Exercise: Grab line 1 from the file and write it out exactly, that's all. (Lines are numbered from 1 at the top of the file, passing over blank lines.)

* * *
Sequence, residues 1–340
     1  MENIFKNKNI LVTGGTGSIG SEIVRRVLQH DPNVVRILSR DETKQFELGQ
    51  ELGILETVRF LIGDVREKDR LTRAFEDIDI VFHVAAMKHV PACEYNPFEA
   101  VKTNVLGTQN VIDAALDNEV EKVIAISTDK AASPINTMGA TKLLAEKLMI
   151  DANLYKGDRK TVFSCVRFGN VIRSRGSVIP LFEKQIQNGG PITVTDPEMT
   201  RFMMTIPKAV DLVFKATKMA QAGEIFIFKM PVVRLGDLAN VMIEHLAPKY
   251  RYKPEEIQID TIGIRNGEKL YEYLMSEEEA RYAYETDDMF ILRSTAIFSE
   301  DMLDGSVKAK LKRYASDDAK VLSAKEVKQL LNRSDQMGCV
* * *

Sequence, residues 1–340